Assessing Your COVID-19 Risk: Why Rising Numbers Matter

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If you’ve been listening to the news, you’ve probably heard we’re facing a second wave. This means that we’ll likely need to pause on some of the phased re-openings that occurred in the late spring and summer to help prevent more widespread transmission of the virus.

We can tell a second wave is happening due to a rise in the number of people reporting symptoms and testing positive for the virus. Since the beginning of the outbreak, the Centers for Disease Control and Prevention (CDC) has been very carefully tracking the number of people affected for exactly this reason.

Why the Number of Cases Are Tracked

The CDC tracks the number of positive and probable cases and deaths to monitor how rapidly the virus is spreading through different regions and cities in the United States. These numbers help inform how the government and individual states respond to the virus.

Tracking the number of cases nationally also helps health officials:

  • Understand the severity of illness and range of symptoms

  • Understand who is at risk for severe disease and how the virus is transmitted

  • Monitor changes in the virus that cause illness

  • Estimate the total number of people infected

  • Forecast how the virus will spread and the impact it might have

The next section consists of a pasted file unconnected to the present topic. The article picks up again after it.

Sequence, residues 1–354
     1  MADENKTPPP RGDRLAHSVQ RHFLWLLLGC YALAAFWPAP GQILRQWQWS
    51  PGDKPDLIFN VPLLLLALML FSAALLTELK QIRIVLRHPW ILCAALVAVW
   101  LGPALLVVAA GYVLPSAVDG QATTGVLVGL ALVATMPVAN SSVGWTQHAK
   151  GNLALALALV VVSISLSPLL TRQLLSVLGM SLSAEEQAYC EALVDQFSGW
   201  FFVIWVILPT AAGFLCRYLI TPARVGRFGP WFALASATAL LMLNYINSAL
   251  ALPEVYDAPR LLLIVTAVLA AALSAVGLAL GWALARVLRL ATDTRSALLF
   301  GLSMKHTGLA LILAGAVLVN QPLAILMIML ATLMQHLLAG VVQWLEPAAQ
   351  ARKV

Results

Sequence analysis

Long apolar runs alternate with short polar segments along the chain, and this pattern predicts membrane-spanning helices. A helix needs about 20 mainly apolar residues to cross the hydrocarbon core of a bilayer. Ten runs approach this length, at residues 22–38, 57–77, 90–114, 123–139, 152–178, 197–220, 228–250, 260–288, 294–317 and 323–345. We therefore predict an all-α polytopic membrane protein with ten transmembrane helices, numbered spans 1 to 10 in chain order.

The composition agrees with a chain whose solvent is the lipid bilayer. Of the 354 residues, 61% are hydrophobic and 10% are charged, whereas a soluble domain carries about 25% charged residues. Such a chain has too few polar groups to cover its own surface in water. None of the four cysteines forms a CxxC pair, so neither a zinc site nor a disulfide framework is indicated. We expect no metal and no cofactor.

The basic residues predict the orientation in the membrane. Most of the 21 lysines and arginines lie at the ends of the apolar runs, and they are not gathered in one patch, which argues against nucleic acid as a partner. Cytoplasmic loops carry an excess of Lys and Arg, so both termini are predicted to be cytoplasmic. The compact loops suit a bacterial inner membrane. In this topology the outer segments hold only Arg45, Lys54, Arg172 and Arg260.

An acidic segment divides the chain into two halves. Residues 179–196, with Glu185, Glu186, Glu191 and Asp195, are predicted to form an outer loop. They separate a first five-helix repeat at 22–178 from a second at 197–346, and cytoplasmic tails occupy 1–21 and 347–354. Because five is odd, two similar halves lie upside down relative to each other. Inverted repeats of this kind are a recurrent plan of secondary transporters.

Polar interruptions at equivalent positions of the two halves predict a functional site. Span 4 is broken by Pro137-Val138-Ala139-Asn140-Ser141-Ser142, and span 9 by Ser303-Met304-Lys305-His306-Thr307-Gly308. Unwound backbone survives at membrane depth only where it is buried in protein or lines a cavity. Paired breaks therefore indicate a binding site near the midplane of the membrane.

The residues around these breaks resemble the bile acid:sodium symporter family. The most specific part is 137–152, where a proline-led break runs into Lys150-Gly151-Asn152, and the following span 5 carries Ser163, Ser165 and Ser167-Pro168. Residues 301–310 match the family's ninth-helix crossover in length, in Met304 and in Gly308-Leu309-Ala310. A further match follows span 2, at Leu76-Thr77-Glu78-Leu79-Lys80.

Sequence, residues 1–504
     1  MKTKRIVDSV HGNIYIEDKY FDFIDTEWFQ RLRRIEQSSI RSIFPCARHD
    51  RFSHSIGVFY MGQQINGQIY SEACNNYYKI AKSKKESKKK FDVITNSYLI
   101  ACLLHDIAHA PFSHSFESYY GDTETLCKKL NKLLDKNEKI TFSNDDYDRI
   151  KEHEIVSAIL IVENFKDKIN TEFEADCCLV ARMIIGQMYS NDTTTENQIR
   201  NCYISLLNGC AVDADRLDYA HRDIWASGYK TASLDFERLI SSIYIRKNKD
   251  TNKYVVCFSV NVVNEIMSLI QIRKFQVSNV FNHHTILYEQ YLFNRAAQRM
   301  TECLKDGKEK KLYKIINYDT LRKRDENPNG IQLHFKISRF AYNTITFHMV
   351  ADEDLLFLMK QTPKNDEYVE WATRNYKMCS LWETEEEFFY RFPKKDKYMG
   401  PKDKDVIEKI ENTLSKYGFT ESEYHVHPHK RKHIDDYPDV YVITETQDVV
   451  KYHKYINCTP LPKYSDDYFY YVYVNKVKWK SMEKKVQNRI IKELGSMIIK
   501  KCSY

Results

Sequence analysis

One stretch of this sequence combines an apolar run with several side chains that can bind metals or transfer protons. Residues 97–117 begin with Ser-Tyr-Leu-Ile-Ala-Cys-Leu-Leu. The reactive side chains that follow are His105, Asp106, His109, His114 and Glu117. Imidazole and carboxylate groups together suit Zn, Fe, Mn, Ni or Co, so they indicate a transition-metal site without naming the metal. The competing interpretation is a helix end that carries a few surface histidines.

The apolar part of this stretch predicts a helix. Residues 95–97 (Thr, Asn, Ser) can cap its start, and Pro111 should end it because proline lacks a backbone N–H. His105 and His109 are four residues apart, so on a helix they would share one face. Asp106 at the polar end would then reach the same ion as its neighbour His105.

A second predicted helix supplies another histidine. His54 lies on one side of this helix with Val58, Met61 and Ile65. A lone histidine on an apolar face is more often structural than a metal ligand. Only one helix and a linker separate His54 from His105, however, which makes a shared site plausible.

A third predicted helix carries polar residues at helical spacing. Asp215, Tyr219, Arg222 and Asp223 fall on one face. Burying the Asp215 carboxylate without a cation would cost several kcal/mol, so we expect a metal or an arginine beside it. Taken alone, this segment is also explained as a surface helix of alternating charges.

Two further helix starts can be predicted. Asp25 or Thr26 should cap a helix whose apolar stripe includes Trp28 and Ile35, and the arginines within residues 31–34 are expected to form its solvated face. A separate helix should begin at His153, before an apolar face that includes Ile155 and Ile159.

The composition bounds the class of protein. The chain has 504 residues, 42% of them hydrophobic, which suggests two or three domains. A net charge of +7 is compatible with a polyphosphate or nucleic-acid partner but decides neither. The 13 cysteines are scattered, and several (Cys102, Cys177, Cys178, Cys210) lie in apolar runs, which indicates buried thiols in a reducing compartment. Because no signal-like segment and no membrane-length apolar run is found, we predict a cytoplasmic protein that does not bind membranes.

• Forecast how the virus might affect health care resources around the country

How the Data Is Tracked

To track the cases in the United States, the CDC uses multiple surveillance systems that are run in collaboration with academic, state and territorial partners. To determine the data, the CDC draws from a combination of sources that include existing influenza and viral respiratory disease surveillance, syndromic surveillance, case reporting, commercial lab reporting, the healthcare safety system, ongoing research platforms and other new systems designed to answer specific questions. Together, these systems provide an accurate representation of cases across the country.

Why Numbers Matter in Fighting the Virus

Timely data is important for states, cities and local governments so they can quickly see new trends in the number of cases, and use contact tracing to break the chains of transmission. This not only helps protect the public, but also keeps health care workers and other first responders from getting sick.

Because the number of cases is rising again, states and local governments will examine data in their areas and make decisions about how to best prevent the virus from spreading further. This may include increasing testing, issuing new shelter-in-place orders or closing down certain types of gatherings, schools or businesses.

What COVID-19 Numbers Are Leaders Watching?

As the second wave continues, states will review the guidelines from the White House and the CDC that determine whether the virus is on the rise or receding in an area. These are the same criteria that health experts and local and state leaders used to determine when states could reopen:

  • The number of people reporting flu-like or coronavirus-like symptoms in the last 14 days

  • The number of documented cases or percentage of positive coronavirus tests in a 14-day period